Why obesity in your child is dangerous

Parents naturally want their children to gain weight, as they grow. The result is that they tend to overlook, even welcome, some extra pounds that creep in. But such a situation carries the risk of imminent obesity and can become a serious problem.

Endocrine and genetic problems are uncommonly responsible for childhood obesity; they are indicated if the child is short, in addition to obese. Also, if you belong to a family of overweight people, your child is genetically predisposed to be overweight.

However, obesity in children is largely attributable to an unhealthy sedentary lifestyle, compounded by overeating. Pressure to perform at school and extra-curricular activities leave children with little time for exercise anyway; couple that with junk food and your child is already at risk for obesity.

Overeating and lack of exercise is a dangerous combination that you need to eliminate from the family – your child cannot fight this problem alone. Therefore, it is imperative for the family to adopt healthy habits.

Obese children are at much greater risk of growing into obese adults.  This can make them prone to several, serious health problems such as diabetes, heart disease, eating disorders, high blood pressure, respiratory problems, liver problems, and sleep disorders. Moreover, they may experience fatigue, and emotional problems such as low self-esteem and lack of confidence. Behavioural issues and depression are not uncommon in obese people.

How to beat obesity

  • Improve yourself first: Parents are role models for children. Make healthy eating and fitness your priority if you want your kids to be able to do the same.
  • Eat healthy: Throw those fast food cans away; make healthy eating a family affair. Encourage your child to eat more vegetables, especially green leafy ones. Stock your kitchen with healthy foods such as whole grain items and fruits, instead of colas and junk food. If the children make a fuss initially, remain patient. They’ll soon begin to enjoy healthy meals.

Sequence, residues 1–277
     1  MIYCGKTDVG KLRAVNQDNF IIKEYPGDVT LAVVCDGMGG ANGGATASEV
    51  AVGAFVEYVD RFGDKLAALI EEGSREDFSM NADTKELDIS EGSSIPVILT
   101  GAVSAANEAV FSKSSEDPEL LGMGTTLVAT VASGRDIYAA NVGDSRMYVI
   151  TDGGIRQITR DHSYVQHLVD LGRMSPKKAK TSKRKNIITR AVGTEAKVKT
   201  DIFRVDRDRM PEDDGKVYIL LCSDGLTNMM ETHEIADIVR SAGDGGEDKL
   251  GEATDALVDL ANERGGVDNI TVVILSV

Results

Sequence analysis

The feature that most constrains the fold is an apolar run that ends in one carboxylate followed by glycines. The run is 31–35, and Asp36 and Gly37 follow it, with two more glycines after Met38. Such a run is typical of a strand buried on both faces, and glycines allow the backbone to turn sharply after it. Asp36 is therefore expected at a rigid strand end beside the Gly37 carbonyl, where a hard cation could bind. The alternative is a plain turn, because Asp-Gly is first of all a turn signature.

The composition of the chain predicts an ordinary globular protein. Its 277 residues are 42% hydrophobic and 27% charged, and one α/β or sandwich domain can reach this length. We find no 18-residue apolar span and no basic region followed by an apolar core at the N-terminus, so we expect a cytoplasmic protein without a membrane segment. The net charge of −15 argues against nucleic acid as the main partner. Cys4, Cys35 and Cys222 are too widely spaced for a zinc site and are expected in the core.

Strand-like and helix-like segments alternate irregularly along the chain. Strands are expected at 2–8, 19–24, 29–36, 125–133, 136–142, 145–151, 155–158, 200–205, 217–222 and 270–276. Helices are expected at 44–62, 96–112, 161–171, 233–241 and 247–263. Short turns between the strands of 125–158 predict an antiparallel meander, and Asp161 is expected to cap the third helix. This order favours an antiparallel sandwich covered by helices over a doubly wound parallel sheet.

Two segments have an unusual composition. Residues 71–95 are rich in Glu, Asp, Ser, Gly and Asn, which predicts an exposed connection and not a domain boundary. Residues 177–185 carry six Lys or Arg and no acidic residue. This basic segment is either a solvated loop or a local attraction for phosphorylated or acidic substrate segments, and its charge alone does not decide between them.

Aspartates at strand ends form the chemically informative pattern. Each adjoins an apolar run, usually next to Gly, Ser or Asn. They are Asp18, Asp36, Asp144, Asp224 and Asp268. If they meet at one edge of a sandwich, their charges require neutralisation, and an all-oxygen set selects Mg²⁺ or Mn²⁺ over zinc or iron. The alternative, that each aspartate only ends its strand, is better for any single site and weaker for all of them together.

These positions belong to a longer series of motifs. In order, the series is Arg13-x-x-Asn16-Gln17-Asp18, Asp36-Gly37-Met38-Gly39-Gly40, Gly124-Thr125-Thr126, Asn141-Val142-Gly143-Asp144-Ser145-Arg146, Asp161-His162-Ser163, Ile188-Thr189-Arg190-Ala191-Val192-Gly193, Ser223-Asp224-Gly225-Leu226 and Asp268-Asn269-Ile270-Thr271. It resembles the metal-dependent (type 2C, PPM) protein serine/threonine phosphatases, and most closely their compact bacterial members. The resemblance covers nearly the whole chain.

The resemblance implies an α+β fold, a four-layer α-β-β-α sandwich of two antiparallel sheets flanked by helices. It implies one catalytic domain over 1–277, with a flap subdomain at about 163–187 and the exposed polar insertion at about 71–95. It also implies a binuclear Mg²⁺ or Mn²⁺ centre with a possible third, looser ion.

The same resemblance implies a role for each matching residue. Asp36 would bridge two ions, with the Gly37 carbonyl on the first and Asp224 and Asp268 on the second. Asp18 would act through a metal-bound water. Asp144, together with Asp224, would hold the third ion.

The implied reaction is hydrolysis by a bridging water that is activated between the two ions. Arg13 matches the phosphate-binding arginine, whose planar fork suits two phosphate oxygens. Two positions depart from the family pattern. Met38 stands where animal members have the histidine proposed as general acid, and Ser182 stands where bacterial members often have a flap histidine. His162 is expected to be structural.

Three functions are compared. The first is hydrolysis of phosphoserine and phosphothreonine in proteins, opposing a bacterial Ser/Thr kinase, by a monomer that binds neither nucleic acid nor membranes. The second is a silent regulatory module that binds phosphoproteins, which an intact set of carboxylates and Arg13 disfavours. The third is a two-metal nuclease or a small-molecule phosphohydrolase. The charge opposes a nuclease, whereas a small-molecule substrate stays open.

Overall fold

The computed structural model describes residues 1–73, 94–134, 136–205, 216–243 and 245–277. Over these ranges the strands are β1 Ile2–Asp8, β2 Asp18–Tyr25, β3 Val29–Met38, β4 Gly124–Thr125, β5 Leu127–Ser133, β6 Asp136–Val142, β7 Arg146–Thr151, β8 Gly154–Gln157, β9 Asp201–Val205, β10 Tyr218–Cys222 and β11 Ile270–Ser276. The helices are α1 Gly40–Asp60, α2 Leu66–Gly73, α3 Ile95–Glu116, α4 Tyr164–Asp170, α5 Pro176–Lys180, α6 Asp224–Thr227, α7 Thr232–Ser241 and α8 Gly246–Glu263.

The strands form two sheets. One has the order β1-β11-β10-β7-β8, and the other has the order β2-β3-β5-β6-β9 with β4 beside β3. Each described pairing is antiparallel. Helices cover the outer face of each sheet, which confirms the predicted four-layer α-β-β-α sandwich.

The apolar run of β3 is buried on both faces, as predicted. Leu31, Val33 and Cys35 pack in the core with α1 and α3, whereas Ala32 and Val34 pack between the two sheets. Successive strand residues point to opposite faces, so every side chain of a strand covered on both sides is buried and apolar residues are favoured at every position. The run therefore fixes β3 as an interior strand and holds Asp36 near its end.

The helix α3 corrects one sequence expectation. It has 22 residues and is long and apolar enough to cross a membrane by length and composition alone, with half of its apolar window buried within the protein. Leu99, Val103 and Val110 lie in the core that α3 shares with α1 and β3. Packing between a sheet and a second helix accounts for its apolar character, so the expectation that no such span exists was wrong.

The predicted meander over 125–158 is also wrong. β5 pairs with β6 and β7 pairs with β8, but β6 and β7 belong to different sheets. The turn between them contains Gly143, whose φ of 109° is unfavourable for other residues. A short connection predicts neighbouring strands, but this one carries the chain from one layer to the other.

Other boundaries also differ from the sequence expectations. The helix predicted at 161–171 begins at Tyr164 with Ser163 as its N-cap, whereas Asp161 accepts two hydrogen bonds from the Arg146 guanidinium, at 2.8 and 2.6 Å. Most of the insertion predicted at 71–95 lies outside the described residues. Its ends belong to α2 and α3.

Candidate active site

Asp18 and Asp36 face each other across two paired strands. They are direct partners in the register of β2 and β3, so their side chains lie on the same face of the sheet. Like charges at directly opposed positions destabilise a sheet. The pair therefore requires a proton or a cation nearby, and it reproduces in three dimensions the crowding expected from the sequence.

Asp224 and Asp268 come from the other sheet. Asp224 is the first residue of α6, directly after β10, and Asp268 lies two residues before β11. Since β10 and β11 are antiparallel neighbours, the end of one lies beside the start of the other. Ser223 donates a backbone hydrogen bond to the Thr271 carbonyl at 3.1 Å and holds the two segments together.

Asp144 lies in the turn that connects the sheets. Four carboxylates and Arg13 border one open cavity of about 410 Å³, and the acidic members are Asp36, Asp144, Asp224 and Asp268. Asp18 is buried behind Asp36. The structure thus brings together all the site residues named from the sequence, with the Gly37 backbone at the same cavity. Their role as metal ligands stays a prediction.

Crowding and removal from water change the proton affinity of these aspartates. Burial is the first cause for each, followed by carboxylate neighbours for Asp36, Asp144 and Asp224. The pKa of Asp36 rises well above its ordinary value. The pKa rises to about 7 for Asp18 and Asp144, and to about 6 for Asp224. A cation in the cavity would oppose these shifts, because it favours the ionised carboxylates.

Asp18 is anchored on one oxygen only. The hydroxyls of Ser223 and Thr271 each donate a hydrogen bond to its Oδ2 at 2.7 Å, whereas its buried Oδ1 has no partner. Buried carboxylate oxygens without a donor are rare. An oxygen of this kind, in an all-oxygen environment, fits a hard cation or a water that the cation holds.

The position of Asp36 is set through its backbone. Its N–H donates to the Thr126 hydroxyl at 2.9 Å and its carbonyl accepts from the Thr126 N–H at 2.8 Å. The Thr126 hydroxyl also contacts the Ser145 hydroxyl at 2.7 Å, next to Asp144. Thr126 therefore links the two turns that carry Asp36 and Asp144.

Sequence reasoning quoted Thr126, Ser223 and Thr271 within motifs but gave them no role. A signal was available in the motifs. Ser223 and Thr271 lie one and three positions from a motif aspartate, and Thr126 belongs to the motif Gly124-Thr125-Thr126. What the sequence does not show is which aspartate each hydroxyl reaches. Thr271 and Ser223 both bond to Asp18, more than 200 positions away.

• Order out wisely: Eating out often limits healthy choices – you have no control over the oils used, for instance. One option is to stick to salads or low-fat tasty meals. Also remember to keep your portions small.
  • Become active: At least 60 minutes of vigorous physical activity is recommended daily. Get them to enjoy exercising, and encourage them to take up outdoor activities and sports.
  • Set goals: One way to achieve targets in weight management is to set goals for kids and the family. These could be limiting snacks, going for walks every day, or a Sunday afternoon match.
  • Ration TV time: Children today spend an unhealthy amount of time in front of the TV.  You can help the situation by rationing TV watching (no more than 1-2 hours a day), and banning snacks in front of the TV. You need to switch off the TV too – stop being a couch potato yourself to discourage your child from being one.

Childhood obesity can have many far-reaching negative consequences on your child’s future. So support your child and encourage him to lose weight.

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Image: Flickr/Creativecommons Betsssssy

Also read:

Physical inactivity – Who is to blame?
Healthy Alternatives To Junk Food in a Kids Diet
Ideas to Help Children Maintain a Healthy Weight